Collision Insurance

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Understanding Collision Insurance

When it comes to auto insurance the type of coverages you need to have are largely regulated by state laws and also the terms of an auto loan, if applicable.  Since cars are quite expensive most people have to take out a loan to buy a new or used car.  These loans generally mandate that you have to buy collision and comprehensive coverage, in addition to the liability coverage which is mandated by state law.  While you may not have a lot of choice when it comes down to what type of coverage you choose for your vehicle, it is helpful to understand what is covered by these policies.

What does Collision Insurance cover?  Understanding Collision Insurance

Since you are required to have this type of coverage if you have an auto loan it is helpful to understand exactly what this covers.  The simple explanation is that collision insurance will pay for any damage to your vehicle that occurs while the vehicle is in motion.  If your vehicle is parked on the side of the road and a rock hits the vehicle causing damage, this would not be covered under collision, but if you had comprehensive it would fall under that coverage.  It is also a good idea to read your policy carefully and especially the exclusions section.  Under any policy there are certain things that can result in coverage being denied and these are found in the exclusions section.  For example, most auto insurance policies will not cover damages resulting from street racing, or if you are using your vehicle for work purposes.

Why Should I buy Collision Insurance?

The obvious answer is because it is required but even if this is not the case – it is generally a good idea to have this type of auto insurance coverage.  Collision insurance provides a safety net to pay for expensive repairs that are a result of an accident.  If you are at fault in an accident the coverage will pay for repairs. If another party is at fault you can choose to have your coverage pay for it or deal directly with the responsible parties insurance carrier.  If your collision coverage pays for damage that was caused by another driver, your insurance company will seek reimbursement from the other insurance company.  This is what is referred to as subrogation and is a term you will commonly see in most insurance policy language.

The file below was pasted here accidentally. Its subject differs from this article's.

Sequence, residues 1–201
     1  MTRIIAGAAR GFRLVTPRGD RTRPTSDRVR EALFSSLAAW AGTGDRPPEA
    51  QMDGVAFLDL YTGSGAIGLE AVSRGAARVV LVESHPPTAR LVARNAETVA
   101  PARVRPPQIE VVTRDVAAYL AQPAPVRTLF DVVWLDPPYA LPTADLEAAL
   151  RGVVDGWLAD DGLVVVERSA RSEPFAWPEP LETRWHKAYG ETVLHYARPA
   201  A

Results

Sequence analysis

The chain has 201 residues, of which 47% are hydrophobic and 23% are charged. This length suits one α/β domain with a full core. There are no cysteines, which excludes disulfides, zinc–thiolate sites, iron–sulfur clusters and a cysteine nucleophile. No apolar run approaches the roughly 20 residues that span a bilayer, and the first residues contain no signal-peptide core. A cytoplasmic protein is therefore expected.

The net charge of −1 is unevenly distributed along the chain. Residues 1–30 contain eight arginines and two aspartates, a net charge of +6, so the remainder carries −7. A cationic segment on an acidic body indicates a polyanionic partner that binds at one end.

What does Collision Insurance not cover?

The specifics of what is covered under any insurance policy can be found in the policy language and can differ from one insurer to another.  While some insurance companies utilize standard insurance policies that are used throughout the industry, other insurers will develop and use their own policy.  This is a practice which is generally only used by the really large insurance companies.  Some common items that will not be paid for under a collision claim would be any personal property inside the vehicle such as a laptop, portable electronics, etc.  A good rule of thumb to use to figure out what is covered by collision is as follows.  If you were to cut the roof off from your car, pick up your car, turn it upside down, and shake it, the items that fall out are not covered and anything that stays in is covered.  This is a basic guideline and again, each policy is different so what is covered will depend precisely on the policy language.